Inside Opinion

What's on the minds of Tacoma News Tribune editorial writers

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Archives: Nov. 2008


Coming up: Donors needed, two takes on Obama Middle School

Here’s what you’ll see on the editorial page over the next two days.


Thanksgiving is an ideal day to celebrate human generosity. Our communities need a holiday-sized helping of it now.


Should the Tacoma School Board name the new middle school on the East Side for Barack Obama? Two editorial writers square off.

Editorials represent the consensus view of The News Tribune’s editorial board.

Want to sit in on a daily ed board meeting? Email to make an appointment.


Those $#@&!!!! packages

This editorial will appear in tomorrow’s printed edition.

The clamshell backlash finally nears victory
Whose bright idea was it to encase consumer goods
in impregnable plastic oysters?

Somehow, the logic of American retailing demanded 10 years ago that many consumer products be sealed in impregnable plastic armor.

Result: the "clamshell" or "oyster" packages that protect everything from computer mice to MP3 players from the people who bought them.

Typically made of nonrecyclable PVC and welded with epoxy, these transparent packages are simply impossible to open with bare hands. Probably no creature on earth – shark, crocodile, snapping turtle – could rip through the things.

Read more »


Performance audits: Good advice when state needs it most

This editorial will appear in Wednesday’s print edition:

State finances are tight, but skipping the next round of performance audits is not the way to cut costs.

Just about everything in state government is sporting a bull’s eye these days as the governor and state lawmakers come to terms with a $5 billion – and growing – budget shortfall.

Nevertheless, it is surprising to see one item among those nominated for the chopping block: the performance audits authorized by Initiative 900.

Perhaps that’s a sign of just how desperate the state’s predicament is. We can see no other reason for suggesting the state auditor stop doing the reviews that help build cost-effective state programs.

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Justice Sanders clams up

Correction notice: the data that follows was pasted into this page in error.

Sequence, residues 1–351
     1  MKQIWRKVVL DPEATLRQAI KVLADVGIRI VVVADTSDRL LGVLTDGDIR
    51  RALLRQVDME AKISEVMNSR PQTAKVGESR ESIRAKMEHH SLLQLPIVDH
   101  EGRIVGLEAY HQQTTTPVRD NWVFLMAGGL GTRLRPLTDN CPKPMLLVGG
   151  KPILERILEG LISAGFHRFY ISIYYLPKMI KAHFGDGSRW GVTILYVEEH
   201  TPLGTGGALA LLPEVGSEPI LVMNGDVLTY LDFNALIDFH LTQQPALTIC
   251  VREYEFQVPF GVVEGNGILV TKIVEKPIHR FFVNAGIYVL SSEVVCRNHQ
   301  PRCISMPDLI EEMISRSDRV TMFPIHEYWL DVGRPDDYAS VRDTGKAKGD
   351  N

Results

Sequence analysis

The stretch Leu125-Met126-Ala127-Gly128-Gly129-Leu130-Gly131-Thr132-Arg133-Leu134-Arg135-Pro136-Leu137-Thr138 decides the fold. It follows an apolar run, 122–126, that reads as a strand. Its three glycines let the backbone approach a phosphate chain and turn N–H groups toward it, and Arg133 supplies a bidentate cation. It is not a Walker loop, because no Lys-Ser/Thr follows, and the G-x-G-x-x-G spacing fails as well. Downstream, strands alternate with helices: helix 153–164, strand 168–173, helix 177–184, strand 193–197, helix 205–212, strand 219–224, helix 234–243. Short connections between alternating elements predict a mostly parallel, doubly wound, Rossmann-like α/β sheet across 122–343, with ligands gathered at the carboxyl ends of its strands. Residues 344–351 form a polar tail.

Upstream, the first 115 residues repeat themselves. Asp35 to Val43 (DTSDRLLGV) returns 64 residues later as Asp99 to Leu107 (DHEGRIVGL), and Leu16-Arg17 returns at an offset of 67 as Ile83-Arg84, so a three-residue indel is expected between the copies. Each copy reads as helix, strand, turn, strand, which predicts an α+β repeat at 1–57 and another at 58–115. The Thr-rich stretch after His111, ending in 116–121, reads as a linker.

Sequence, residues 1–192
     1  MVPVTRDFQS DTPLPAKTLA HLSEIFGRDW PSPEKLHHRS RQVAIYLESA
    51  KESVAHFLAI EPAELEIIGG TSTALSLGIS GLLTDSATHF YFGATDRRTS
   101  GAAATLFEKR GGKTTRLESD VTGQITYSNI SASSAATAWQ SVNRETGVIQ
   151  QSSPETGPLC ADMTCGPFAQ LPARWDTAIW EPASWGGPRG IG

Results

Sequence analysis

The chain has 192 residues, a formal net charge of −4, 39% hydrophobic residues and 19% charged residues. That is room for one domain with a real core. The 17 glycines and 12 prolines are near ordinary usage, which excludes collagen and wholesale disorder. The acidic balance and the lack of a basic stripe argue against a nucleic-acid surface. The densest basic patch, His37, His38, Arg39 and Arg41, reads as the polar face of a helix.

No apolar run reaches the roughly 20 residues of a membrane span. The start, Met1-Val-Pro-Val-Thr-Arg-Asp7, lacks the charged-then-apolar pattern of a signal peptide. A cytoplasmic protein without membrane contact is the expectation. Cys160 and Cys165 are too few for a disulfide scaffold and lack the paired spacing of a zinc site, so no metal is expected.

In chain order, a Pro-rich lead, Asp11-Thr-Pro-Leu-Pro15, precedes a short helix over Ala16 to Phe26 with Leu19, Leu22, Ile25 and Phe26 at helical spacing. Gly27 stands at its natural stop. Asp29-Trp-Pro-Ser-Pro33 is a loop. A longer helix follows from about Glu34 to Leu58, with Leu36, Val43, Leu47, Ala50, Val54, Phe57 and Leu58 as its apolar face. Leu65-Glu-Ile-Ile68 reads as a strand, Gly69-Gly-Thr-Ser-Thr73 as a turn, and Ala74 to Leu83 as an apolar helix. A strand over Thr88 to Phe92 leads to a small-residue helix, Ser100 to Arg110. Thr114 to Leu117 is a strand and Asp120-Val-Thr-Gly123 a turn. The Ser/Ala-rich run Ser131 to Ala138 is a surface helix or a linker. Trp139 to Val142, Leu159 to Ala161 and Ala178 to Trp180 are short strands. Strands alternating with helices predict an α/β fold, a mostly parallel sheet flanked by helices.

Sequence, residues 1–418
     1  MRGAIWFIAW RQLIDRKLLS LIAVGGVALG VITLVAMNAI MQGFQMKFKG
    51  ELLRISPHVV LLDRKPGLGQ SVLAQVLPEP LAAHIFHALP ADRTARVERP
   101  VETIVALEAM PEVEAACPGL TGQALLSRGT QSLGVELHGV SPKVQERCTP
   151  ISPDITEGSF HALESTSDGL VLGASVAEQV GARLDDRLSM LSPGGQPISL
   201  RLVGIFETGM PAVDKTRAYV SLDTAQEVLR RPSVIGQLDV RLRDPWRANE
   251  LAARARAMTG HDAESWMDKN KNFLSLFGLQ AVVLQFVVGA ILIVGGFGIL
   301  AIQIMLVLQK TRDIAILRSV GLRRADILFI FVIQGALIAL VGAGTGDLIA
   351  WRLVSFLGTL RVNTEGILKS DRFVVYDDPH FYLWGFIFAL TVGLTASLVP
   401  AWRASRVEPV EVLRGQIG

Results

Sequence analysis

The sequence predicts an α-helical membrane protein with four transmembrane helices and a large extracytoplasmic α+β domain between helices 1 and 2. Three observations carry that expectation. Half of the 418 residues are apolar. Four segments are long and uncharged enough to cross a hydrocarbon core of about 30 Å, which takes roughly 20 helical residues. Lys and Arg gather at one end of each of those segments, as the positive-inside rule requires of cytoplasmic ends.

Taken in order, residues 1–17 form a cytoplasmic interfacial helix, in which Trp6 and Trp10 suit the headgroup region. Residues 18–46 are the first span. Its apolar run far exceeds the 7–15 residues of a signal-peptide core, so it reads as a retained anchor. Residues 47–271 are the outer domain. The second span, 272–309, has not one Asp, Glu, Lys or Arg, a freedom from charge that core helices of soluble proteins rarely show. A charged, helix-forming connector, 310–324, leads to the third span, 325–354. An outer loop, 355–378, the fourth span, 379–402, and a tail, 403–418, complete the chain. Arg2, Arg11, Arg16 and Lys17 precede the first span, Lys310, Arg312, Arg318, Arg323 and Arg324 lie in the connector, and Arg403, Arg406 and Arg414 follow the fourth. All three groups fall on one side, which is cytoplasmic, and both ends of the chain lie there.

Washington Supreme Court Justice Richard Sanders is known for speaking his mind and defending his right to do so. But it seems the Tacoma native will neither deny nor admit allegations that he was heckling Attorney General Michael Mukasey at last week’s Federalist Society dinner before Mukasey collapsed.

The Wall Street Journal has the story here. Adam Wilson from our sister paper in Olympia followed up with the justice, who had this to say when asked if he was the heckler:

“As to that, I don’t have

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For Wednesday: Performance audits on chopping block

Brian Sonntag’s performance audits have hit the state’s “do not buy” list. The solution isn’t to cut the audits, but to ensure agencies heed the money-saving recommendations.

Somehow, the logic of American retailing demanded 10 years ago that many consumer products be sealed in impregnable plastic armor. The good news is, the anti-clamshell movement has been making gains. (This was held yesterday to make room for today’s editorial on economic plans.)

If you have comments or questions about these topics, please email them to Editorials represent the consensus view of The News Tribune’s editorial board.

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OK, now it’s a little scary

I’ve enjoyed the plummeting gas prices as much as the next person. I did a lot of driving on a recent vacation in Florida, and it was nice not to spend a lot of money filling up the rental.

But now the price has fallen so far so fast that it’s kind of scary. When I drove to work Monday, the price per gallon at the Arco station was $1.86. Nine hours later it had dropped a full 10 cents per gallon, to $1.76.

I’m not complaining, just confused. The price never rose quite that fast. Anybody have an explanation?

UPDATE: Oil prices continued to fall in trading today, and gas prices have fallen to their lowest price since 2004. Here’s the latest:

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The economy and the lame duck

This editorial will appear in Tuesday’s printed edition.

Current, future presidents making some good moves
President Bush and President-elect Obama are taking actions
that have already had a soothing effect on Wall Street.

There never really is a good time to have the worst economic crisis since the Great Depression.

There is, however, a really bad time for it.

That would be in the waning weeks of a lame-duck president’s term while the nation is waging not one but two foreign wars.

The outgoing president could be detached and distracted, reluctant to take forceful action that his successor would have to live with. The president-elect could be bogged down in transition details and hesitant to seem like he’s pre-empting his predecessor who is, after all, still president.

Fortunately, not too much of that seems to be going on.

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